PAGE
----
Common Lisp the Language, 2nd Edition
A predicate is a function that tests for some condition involving its arguments and returns nil if the condition is false, or some non-nil value if the condition is true. One may think of a predicate as producing a Boolean value, where nil stands for false and anything else stands for true. Conditional control structures such as cond, if, when, and unless test such Boolean values. We say that a predicate is true when it returns a non-nil value, and is false when it returns nil; that is, it is true or false according to whether the condition being tested is true or false.
By convention, the names of predicates usually end in the letter p (which stands for ``predicate''). Common Lisp uses a uniform convention in hyphenating names of predicates. If the name of the predicate is formed by adding a p to an existing name, such as the name of a data type, a hyphen is placed before the final p if and only if there is a hyphen in the existing name. For example, number begets numberp but standard-char begets standard-char-p. On the other hand, if the name of a predicate is formed by adding a prefixing qualifier to the front of an existing predicate name, the two names are joined with a hyphen and the presence or absence of a hyphen before the final p is not changed. For example, the predicate string-lessp has no hyphen before the p because it is the string version of lessp (a MacLisp function that has been renamed < in Common Lisp). The name string-less-p would incorrectly imply that it is a predicate that tests for a kind of object called a string-less, and the name stringlessp would connote a predicate that tests whether something has no strings (is ``stringless'')!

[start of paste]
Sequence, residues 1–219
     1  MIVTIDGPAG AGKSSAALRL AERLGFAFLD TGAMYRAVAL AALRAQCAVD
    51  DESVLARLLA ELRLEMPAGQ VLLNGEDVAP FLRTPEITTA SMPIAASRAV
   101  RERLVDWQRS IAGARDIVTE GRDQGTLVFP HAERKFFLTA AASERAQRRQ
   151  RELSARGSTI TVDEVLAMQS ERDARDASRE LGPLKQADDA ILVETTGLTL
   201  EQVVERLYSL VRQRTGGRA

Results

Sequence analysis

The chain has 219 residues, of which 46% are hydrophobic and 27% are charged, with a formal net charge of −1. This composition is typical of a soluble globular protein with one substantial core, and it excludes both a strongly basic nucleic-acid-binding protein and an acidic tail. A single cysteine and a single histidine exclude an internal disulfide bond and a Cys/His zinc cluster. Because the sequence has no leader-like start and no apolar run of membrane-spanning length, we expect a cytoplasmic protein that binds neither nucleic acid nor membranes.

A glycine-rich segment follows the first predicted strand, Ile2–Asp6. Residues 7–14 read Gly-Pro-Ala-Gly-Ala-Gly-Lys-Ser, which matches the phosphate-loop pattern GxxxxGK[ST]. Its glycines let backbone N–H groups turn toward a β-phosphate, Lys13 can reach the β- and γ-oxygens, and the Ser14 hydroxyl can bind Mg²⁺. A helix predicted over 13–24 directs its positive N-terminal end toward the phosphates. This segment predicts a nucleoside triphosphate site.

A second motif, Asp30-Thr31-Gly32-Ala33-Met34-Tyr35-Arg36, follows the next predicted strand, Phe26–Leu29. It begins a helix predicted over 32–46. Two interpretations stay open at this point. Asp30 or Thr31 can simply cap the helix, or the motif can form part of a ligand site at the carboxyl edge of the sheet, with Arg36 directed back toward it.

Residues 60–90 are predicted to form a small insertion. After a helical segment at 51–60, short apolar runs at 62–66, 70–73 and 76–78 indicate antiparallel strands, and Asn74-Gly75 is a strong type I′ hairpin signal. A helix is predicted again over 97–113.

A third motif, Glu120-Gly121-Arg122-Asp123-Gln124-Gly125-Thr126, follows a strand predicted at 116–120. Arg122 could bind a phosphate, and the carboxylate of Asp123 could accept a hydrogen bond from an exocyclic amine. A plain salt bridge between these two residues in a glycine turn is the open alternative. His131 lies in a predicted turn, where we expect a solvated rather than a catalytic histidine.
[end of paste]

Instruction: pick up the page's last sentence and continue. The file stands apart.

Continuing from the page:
The control structures that test Boolean values only test for whether or not the value is nil, which is considered to be false. Any other value is considered to be true. Often a predicate will return nil if it ``fails'' and some useful value if it ``succeeds''; such a function can be used not only as a test but also for the useful value provided in case of success. An example is member.
If no better non-nil value is available for the purpose of indicating success, by convention the symbol t is used as the ``standard'' true value.